http://forum.pcgamer... ...8;start=60

Tom Francis: It's open season on spoilers all, thanks to an easy-to-miss little note I've appended to the main post. Who the hell is Desmond, right? Why was he being quarrantined - or was he quarantining the island from himself, a la Wonko The Sane in So Long And Thanks For All The Fish?



People are saying stuff like, he's controlling the whole island. He feels minor to me. I think he was hiding down there. He's well defended because he's scared of the Others getting in. It's a dangerous island. That's clearly a lab of some kind, or a live-in research place, but whether he worked in it originally or just found it, I don't think it's used for that anymore.

Craig: What a truly great opening to the season. It only took a couple seconds to sink in where we were, but it was still genuinely great to open with something like that.


I don't know if I should say this, but Damon Lindelof has said episode 3 of season 2 will drop an even bigger bombshell on us.


Now who bought season 1 on DVD! The commentaries are ace!

Dabs: I don't even know where to begin with the Holy Crap!s. Desmond. Walt, dripping wet in the jungle, whispering to Shannon (which, apparently, if you play what he says in reverse is, "where's the button? No button's there." The bed Desmond got up from was a bunk? Was Ethan Rom (anagram "Other Man") the other man on the lower bunk? So brilliantly typical of Lost - they answer the question of "what's down the hatch" and pose a hundred more new ones in the process. You have to love it.

And that intro was fantastic. I was watching it with a couple of friends and when one of them said "Oh My God, that's the hatch" after the explosion shook the room, I had to double-take. Who else thought we were just watching a flashback of another (new) character?

Tom Francis: Everyone, that was the genius. It's so domestic - apart from the injection, which looks like the start of a flashback-revealed secret - everything appears to be a pleasant morning in a health freak's distant past (my best guess was Locke because he's the oldest (that computer was old), but I also entertained Hurley for the sheer unlikeliness). The mundanity puts your thoughts so far from the island - certainly that night - and yet it's moments before the final scene of the last series, in virtually the same place.

Mr Dan: I don't think Desmond "found" the bunker. It just doesn't sit right. If he found it why would he seal himself in? Plus he seems far too comfortable to just be living there. Also isn't it very very coincidental that he and Jack have met before. We are left to think that Desmond was put on the island, and that Jack (and the others) have also been put on the island. Just Desmond knows more than them. For all we know Desmond woke up one day inside this bunker and is as ignorant as the rest of the islanders are about it all.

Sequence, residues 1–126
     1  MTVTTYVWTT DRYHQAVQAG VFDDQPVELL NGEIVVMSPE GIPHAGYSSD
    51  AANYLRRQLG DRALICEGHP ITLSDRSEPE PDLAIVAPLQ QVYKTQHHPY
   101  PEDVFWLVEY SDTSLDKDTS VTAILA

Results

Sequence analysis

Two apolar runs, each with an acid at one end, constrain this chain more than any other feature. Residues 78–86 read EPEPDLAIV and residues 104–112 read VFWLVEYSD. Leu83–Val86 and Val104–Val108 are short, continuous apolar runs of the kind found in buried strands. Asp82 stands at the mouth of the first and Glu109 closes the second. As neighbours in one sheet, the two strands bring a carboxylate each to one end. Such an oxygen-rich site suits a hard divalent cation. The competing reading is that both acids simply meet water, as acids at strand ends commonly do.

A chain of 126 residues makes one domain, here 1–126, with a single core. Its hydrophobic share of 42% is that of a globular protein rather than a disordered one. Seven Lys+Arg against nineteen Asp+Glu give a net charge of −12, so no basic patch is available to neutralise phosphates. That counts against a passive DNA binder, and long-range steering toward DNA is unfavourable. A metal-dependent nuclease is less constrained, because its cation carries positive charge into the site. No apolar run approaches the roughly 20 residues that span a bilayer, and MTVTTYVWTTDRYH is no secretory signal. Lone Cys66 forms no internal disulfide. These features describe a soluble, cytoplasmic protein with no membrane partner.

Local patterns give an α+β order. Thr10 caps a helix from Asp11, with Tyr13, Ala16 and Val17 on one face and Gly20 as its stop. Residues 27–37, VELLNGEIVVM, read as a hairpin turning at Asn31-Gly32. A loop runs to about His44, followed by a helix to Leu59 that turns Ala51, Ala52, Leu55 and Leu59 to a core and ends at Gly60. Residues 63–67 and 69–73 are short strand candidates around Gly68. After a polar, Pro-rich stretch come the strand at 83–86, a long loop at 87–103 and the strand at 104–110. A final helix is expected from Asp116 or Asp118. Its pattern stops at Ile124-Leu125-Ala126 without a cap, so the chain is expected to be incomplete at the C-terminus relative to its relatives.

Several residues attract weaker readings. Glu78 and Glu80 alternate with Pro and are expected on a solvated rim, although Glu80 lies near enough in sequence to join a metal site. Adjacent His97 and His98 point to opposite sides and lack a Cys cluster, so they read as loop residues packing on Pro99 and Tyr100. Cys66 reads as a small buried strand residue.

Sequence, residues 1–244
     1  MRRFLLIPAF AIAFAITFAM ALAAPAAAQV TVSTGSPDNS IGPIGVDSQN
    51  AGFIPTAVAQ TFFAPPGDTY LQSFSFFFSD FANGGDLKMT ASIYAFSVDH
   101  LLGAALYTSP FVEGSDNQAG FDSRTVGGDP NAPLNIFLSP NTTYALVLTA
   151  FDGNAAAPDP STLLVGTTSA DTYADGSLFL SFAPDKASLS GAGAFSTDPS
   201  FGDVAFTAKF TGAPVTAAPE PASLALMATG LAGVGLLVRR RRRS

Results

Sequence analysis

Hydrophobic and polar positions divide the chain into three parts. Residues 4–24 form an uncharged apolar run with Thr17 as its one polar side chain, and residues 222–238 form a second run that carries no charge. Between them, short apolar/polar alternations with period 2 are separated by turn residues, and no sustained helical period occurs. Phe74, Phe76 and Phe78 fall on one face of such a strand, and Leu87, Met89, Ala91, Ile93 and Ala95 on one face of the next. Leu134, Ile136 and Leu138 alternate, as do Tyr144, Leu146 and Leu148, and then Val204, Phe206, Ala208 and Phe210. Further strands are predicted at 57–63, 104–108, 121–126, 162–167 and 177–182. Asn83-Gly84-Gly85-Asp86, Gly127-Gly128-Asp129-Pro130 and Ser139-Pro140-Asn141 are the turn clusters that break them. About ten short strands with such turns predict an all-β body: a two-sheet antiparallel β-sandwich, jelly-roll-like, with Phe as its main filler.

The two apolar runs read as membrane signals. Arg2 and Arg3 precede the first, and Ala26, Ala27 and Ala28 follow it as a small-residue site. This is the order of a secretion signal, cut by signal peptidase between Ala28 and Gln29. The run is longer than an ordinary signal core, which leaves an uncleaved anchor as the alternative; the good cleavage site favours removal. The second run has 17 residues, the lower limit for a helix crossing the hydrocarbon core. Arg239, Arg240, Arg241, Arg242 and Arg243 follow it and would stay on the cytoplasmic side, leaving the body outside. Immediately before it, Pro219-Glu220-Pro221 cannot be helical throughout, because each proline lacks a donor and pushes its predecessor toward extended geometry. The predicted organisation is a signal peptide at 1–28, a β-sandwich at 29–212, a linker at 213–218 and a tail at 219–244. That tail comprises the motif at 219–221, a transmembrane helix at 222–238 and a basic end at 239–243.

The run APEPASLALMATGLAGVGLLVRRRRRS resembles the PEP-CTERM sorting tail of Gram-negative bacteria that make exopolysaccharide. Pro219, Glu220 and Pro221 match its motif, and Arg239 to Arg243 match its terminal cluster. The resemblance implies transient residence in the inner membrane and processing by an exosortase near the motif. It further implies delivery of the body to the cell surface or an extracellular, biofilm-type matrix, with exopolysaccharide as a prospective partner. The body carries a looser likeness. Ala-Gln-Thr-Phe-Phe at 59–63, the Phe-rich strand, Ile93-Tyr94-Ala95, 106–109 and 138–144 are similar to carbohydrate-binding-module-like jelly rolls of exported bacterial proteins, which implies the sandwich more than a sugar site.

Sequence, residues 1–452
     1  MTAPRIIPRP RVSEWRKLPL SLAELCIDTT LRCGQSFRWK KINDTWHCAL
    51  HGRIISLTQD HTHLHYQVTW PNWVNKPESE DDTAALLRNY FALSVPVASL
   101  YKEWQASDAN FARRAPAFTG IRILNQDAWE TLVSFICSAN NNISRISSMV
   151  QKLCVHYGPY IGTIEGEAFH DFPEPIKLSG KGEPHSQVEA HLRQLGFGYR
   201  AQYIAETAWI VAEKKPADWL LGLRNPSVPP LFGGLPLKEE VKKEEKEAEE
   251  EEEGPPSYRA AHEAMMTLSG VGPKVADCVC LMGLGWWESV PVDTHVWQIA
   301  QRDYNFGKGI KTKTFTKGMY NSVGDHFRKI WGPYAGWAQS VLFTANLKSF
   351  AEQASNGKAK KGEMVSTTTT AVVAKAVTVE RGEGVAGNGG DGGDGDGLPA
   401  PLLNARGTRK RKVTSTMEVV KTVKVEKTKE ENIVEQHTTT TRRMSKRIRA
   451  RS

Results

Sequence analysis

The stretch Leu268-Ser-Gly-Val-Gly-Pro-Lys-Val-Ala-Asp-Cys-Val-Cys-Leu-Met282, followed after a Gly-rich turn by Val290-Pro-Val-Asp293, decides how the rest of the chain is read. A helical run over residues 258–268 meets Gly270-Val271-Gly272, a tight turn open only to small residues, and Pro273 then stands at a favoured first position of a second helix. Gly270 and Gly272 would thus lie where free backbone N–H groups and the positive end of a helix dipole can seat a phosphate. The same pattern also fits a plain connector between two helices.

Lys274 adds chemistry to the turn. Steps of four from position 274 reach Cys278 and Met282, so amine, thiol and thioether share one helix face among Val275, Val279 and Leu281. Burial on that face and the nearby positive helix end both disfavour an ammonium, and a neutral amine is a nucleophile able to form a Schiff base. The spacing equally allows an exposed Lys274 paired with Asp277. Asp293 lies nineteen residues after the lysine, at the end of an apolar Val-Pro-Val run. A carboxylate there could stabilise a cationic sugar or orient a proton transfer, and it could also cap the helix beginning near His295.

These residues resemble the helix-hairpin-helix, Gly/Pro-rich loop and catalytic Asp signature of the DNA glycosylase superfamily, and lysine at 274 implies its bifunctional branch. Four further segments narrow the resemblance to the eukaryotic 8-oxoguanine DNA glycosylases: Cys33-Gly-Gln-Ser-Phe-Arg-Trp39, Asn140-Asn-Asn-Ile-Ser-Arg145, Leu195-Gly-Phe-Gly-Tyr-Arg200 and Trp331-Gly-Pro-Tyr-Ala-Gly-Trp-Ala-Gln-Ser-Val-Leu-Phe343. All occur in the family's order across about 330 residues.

Craig: Anybody else notice that the person Jack's wife collided with and killed was Shannon's father? I read that on another forum but haven't checked it out yet.

Zeno: This is slightly off-subject (i.e, not specifically about the second series), but has anyone else come across a short story by pulp sci-fi maestro Gene Wolfe called "The Death of Doctor Island"? It appears in his (brilliantly named) collection "The Island of Doctor Death and Other Stories and Other Stories," published in the early 80s. There are lots of plot-similarities with Lost; castaways awake on an idyllic but eerily empty island, which they realise after a while is inhabited by an ambiguous "other" and presided over by a (probably malign) force of some sort. There are even mysterious hatches in the ground! After a while they begin to suspect that they're the subject of an experiment. There are big differences (there are only two castaways in the story, for instance) but I can't help wondering whether the rather bleak conclusion to the story might turn out to be the same as the solution to Lost. It's sufficiently obscure that the writers could be using it for inspiration without worrying about giving the game away.

I could be completely and utterly wrong though.

Graham: Lindelof claims the writers do know where the story is going - including how it ends - so hopefully this will stop the plot wandering off into mystery after twist after mystery, endlessly, till Mulder leaves.



Re: Polar Bear - Think: Walt.



As for season 2; good first episode. Really great beginning, really frustrating ending, and I can't wait to find out what the deal is with the Spine Healer, and the folks off on the boat.



Oh, and I know it's open season on spoilers, but can we stick to just Lost spoilers please? I really didn't expect to have Six Feet Under ruined for me.

Tom Francis: Neither did I!

Tom Francis: Dabs: it sounds more like "Don't press the button", repeated and cut up, to me. I can hear it as the other thing, but when I do, the voice doesn't sound like Walt's. It's not odd that it should be scrambled a bit, since it's already backwards, and pressing buttons just seems to fit better than trying to find them. Also, there's an element of urgency, rather than quizzicalness, to his voice. And Walt likes to warn against things.